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City releases income disclosure report

• Document indicates council members must report income of $10,000 or more.

Posted: April 25, 2008 3:11 a.m.
Updated: June 26, 2008 5:02 a.m.
The Santa Clarita City Council this week voted to release to the public a city attorney report outlining the income disclosure requirements for City Council members on the state-required disclosure forms.

City Attorney Carl Newton compiled the report after a local activist pointed out that Mayor Bob Kellar had not disclosed some of his income information on his State of Economic Interests forms since he began on the council in 2000. The report had been kept confidential due to the attorney-client privilege.

Kellar, who ran as an incumbent candidate and won in the April 8 election, is also a partner at real estate sales company Kellar-Davis Inc. in Canyon Country.

Newton's report indicates that a council member must report a particular source of income to his or her business entity if the council member's share of the gross income is $10,000 or more.

A council member must also report a particular source of commission income to his or her business if the council member received $10,000 or more in commission income from that source through the business during the reporting period.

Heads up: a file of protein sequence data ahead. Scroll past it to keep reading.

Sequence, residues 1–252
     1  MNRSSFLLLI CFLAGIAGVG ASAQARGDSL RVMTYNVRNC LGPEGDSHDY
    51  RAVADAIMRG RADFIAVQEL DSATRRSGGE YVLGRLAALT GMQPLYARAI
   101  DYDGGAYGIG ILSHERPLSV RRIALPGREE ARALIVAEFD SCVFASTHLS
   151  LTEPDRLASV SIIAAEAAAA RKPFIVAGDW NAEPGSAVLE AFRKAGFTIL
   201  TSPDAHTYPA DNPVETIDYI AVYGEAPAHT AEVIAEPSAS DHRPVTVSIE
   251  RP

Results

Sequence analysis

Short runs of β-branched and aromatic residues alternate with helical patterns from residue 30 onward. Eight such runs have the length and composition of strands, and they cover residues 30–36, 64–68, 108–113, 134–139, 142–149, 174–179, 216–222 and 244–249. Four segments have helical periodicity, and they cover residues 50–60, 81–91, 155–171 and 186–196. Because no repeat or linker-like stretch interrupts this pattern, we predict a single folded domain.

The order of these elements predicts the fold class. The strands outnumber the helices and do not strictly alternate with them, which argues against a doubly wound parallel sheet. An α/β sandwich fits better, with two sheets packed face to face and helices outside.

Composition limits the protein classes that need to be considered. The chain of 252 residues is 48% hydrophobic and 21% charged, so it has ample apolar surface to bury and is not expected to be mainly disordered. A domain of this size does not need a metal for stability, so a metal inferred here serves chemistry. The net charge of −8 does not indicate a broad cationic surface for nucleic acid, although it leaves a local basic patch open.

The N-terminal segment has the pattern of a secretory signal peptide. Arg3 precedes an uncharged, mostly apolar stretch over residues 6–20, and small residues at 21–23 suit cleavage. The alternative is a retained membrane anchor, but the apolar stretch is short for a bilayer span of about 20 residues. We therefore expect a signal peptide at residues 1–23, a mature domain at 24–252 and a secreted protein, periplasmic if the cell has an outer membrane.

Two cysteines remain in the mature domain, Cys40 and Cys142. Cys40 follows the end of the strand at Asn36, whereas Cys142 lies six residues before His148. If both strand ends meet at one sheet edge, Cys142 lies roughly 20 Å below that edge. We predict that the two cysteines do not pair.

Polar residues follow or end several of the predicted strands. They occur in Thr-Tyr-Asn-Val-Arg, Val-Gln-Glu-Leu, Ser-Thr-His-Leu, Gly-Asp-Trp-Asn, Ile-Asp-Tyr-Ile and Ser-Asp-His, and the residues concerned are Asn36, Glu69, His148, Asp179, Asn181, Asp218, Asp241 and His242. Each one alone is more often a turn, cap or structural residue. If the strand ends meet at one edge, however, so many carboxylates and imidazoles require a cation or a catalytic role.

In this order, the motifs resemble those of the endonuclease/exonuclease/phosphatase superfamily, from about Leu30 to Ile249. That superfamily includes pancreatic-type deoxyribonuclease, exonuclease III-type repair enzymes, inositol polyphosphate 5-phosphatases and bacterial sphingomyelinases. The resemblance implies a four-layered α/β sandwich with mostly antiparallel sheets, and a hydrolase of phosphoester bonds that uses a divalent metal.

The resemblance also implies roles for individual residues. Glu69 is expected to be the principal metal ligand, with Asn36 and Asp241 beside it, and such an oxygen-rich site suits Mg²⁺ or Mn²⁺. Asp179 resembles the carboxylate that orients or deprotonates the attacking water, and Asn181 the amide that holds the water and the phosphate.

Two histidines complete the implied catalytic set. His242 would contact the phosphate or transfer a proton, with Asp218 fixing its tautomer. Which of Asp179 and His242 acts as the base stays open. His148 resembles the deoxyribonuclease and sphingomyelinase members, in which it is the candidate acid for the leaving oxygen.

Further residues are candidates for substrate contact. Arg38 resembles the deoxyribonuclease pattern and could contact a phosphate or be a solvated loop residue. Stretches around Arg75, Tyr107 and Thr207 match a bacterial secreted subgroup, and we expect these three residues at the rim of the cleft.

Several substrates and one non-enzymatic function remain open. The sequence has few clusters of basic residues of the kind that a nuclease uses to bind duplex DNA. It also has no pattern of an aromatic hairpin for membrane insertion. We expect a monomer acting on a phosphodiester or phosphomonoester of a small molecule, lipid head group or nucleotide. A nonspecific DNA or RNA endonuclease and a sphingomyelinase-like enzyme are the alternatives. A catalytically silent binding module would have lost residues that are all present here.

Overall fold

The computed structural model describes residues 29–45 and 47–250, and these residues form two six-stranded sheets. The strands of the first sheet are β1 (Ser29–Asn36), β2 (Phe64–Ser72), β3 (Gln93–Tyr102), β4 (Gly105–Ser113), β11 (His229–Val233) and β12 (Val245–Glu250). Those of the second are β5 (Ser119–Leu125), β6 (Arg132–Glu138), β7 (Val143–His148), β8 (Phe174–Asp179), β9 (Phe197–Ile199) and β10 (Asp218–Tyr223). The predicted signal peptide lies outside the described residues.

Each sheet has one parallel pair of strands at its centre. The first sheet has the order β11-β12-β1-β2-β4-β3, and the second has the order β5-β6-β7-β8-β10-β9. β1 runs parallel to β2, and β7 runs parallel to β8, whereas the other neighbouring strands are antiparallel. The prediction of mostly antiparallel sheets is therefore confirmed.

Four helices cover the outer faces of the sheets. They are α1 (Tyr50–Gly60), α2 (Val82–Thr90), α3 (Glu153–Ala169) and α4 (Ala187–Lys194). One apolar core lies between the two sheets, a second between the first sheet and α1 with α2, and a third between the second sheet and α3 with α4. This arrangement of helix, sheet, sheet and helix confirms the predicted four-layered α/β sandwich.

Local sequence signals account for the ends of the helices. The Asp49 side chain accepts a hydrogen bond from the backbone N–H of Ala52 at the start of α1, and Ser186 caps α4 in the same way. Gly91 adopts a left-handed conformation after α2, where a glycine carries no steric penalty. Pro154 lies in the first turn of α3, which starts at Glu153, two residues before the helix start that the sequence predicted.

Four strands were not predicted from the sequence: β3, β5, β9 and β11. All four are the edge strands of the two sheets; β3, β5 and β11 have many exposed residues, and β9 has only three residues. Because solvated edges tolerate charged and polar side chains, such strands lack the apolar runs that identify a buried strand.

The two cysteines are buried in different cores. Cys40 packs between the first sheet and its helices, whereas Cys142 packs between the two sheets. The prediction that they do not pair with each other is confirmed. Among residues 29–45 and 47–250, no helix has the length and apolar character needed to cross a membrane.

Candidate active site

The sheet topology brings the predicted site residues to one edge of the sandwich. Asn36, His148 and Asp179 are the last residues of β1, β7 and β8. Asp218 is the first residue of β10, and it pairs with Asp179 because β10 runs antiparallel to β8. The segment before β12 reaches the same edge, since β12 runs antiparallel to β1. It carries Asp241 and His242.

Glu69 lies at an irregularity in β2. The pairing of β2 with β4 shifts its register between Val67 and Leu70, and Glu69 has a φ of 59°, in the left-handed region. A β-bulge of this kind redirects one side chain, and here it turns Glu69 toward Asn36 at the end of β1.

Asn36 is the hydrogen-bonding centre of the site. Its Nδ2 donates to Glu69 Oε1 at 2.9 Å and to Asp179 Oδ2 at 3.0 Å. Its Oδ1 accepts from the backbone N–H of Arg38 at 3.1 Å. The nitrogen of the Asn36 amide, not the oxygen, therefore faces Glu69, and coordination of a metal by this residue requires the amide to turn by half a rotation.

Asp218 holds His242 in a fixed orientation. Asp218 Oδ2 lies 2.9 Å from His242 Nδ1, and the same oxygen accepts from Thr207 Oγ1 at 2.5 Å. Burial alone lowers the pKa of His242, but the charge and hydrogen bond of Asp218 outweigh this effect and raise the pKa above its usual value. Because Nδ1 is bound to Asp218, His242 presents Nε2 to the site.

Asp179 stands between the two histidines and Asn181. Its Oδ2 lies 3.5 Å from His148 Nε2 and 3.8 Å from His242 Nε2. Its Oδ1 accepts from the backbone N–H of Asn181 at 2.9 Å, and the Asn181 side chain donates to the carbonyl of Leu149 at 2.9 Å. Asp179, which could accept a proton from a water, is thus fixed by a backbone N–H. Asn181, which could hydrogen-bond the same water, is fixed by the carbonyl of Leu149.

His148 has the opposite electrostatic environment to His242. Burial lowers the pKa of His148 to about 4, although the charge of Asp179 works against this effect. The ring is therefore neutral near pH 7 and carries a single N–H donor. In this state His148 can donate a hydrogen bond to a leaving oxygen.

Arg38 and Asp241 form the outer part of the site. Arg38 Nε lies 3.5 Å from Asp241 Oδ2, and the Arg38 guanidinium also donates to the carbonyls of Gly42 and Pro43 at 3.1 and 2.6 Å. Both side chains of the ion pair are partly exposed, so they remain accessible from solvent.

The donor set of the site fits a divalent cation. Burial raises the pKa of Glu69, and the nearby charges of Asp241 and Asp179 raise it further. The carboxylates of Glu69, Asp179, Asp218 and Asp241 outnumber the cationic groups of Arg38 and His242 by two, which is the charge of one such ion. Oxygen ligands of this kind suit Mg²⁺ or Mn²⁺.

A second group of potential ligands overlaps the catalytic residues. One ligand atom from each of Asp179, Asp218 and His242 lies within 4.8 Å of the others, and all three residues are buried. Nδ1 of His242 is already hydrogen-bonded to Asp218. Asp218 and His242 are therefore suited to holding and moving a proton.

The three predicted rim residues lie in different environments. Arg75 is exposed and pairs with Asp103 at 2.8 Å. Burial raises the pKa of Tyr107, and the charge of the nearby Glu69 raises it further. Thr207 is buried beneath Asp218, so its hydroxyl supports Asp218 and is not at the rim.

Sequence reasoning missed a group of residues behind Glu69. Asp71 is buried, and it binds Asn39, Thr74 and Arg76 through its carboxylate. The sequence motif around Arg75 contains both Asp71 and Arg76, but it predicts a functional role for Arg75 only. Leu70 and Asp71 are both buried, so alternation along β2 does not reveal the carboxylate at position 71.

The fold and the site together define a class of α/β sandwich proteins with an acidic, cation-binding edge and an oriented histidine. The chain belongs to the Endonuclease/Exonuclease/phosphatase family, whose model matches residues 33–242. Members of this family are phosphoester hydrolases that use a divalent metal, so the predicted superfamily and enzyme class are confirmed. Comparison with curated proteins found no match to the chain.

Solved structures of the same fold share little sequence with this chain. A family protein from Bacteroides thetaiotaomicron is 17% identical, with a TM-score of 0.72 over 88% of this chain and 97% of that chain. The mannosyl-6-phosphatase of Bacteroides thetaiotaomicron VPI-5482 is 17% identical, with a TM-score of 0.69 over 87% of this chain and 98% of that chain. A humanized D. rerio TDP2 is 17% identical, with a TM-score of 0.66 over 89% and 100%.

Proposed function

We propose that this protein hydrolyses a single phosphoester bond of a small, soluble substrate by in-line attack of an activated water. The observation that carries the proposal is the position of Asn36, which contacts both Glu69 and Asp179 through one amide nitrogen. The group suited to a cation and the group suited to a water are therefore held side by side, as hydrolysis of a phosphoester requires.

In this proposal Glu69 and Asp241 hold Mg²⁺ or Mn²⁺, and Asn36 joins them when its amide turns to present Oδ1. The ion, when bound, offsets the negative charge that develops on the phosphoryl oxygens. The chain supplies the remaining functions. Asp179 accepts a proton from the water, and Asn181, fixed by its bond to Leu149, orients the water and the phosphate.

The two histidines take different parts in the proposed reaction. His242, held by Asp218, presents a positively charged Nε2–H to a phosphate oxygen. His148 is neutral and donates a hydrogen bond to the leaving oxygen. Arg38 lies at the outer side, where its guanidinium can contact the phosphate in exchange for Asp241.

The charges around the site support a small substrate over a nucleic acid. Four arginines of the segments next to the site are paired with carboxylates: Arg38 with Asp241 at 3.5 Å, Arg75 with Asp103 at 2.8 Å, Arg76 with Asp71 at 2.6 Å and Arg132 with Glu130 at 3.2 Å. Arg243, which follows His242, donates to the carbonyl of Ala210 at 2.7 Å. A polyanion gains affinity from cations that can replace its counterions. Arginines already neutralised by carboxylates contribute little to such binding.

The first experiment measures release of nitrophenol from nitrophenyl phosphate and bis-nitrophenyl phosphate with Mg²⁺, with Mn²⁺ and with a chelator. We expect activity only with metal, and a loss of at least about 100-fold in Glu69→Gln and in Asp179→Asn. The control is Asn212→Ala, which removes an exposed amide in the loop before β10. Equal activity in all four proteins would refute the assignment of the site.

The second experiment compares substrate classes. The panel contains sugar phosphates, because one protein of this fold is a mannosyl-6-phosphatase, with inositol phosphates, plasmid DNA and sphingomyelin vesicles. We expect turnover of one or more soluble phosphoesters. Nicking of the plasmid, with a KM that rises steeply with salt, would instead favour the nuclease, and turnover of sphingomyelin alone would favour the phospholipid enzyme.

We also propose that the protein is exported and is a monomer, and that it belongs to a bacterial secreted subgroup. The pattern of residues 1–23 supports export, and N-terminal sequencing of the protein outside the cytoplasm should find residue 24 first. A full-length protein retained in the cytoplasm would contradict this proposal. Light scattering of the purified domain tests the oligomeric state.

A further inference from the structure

Newton's report, dated March 6, also included an attachment of two of the Fair Political Practices Commission's Form 700 reference pamphlets.

Kellar initially announced on March 7 he would file amendments to his forms disclosing his income information. Although he filed amendments disclosing gross income totals, The Signal reported that he had not included sources of income of at least $10,000, which would include most of the commission earnings he had made since 2000. The FPPC began reviewing his previously filed forms to look for omissions that could have constituted violations of state law, a misdemeanor charge. Kellar had said he did not disclose the information because he was concerned that releasing the names of his clients' would be a breach of confidentiality. On March 25, Kellar filed amendments that included the required list of clients. At the March 11 City Council meeting, then-Councilman TimBen Boydston requested that an item be placed on the next meeting agenda for the council to decide whether to release Newton's report to the public. The four other council members did not respond to his request. At the following meeting, Kellar requested that the item be placed on the agenda for the April 22 meeting. At Tuesday's meeting, the council voted 4-1 to release the report, with Councilman Frank Ferry dissenting.

"It's going to set a very bad precedent," he said. "I think we as a legislative body have every right to have private confidential attorney information which we take into account and make decisions before and on behalf of this public."


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